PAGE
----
Husband of the late nurse Jacintha Saldanha, Benedict Barboza arrives at the Houses of Parliament in central London with daughter Lisha, 14, and son Junal, 16, for a meeting with a British Member of Parliament about Jacintha Saldanha's death Monday Dec, 10, 2012. Saldanha was found dead in central London on Dec. 7, 2012.
LONDON - A nurse was found hanging in her room three days after she had been duped by a hoax call from Australian DJs about the pregnant Duchess of Cambridge, a U.K. inquest was told. The case is being treated as an apparent suicide.
Nurse Jacintha Saldanha was discovered hanging by a scarf from a wardrobe in her nurses' quarters Dec. 7 by a colleague and a member of security staff at London's King Edward VII Hospital, coroner's officer Lynda Martindill said Thursday.
Martindill said an attempt to revive Saldanha failed.
Police detective chief inspector James Harman said Saldanha, 46, also had injuries to her wrists.
He told the inquest at Westminster Coroner's Court that two notes were found at the scene and another was found among Saldanha's belongings. He said there were no suspicious circumstances, meaning nobody else was involved in Saldanha's death.
Harman said police were examining the notes, interviewing the nurse's friends, family and colleagues and looking at emails and phone calls to establish what led to her death.
He also said detectives would be contacting police in the Australian state of New South Wales to collect "relevant evidence."
Saldanha answered the phone last week when two Australian disc jockeys called seeking information about the former Kate Middleton, who was being treated for severe morning sickness. The DJs impersonated Queen Elizabeth II and Prince Charles, and Saldanha was tricked into transferring the call to another nurse, who revealed private details about the duchess' condition.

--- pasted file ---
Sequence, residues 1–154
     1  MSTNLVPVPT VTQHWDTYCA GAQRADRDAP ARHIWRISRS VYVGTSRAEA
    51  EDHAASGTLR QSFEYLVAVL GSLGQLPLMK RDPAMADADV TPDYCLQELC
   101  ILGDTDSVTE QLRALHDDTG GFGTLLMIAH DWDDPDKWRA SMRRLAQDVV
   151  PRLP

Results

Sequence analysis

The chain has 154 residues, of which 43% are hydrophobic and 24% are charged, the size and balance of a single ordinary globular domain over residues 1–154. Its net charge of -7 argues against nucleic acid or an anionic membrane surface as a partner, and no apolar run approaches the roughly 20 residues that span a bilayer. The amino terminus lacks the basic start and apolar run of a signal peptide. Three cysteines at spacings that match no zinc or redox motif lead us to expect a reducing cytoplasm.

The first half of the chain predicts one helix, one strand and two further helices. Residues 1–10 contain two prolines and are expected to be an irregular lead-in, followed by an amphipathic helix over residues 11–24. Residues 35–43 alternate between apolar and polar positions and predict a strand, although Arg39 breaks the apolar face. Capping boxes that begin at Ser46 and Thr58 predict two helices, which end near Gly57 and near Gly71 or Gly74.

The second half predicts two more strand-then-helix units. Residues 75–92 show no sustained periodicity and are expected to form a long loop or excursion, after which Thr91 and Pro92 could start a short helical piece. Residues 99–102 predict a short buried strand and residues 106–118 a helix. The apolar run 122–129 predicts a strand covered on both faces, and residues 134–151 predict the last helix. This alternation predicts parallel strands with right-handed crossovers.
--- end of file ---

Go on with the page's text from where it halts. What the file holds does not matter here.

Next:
The DJs, 2DayFM's Mel Greig and Michael Christian, apologized for the prank in emotional interviews on Australian television, saying they never expected their call would be put through. The show was taken off the air and the DJs have been suspended.
New South Wales state police said Friday that they were investigating a letter sent to the station that made several threats against the DJs. Police declined to release details of the letter.
"The safety of our employees is an absolute priority," 2DayFM's parent company Southern Cross Austereo said in a statement. "We have sensible measures in place, as we always do, to ensure our people are safe. This is now a matter for the police, and we trust they will investigate any specific threats that emerge."
The Australian Communications and Media Authority is investigating whether radio station 2DayFM breached its broadcasting license conditions and the industry code of practice.
In London, coroner Fiona Wilcox opened and adjourned Saldanha's inquest until March 26.
Wilcox expressed "my sympathies to her family and everybody who has been touched by this tragic death."
In Britain, inquests are held to determine the facts whenever someone dies unexpectedly, violently or in disputed circumstances. Inquests do not determine criminal liability or apportion blame.
The local authority, Westminster Council, said Saldanha's body was released to her family after Thursday's hearing.
Saldanha, who was born in India, lived in Bristol in southwestern England with her husband and two teenage children. Her husband, Benedict Barboza, has said she will be laid to rest in Shirva, India.
The family was not in court. Lawmaker Keith Vaz, who has spoken on their behalf, said the nurse's loved ones "need time to grieve."
Vaz said a memorial Mass would be held Saturday at London's Roman Catholic Westminster Cathedral.
Associated Press writer Kristen Gelineau contributed to this report from Sydney. Jill Lawless can be reached at http://Twitter.com/JillLawless
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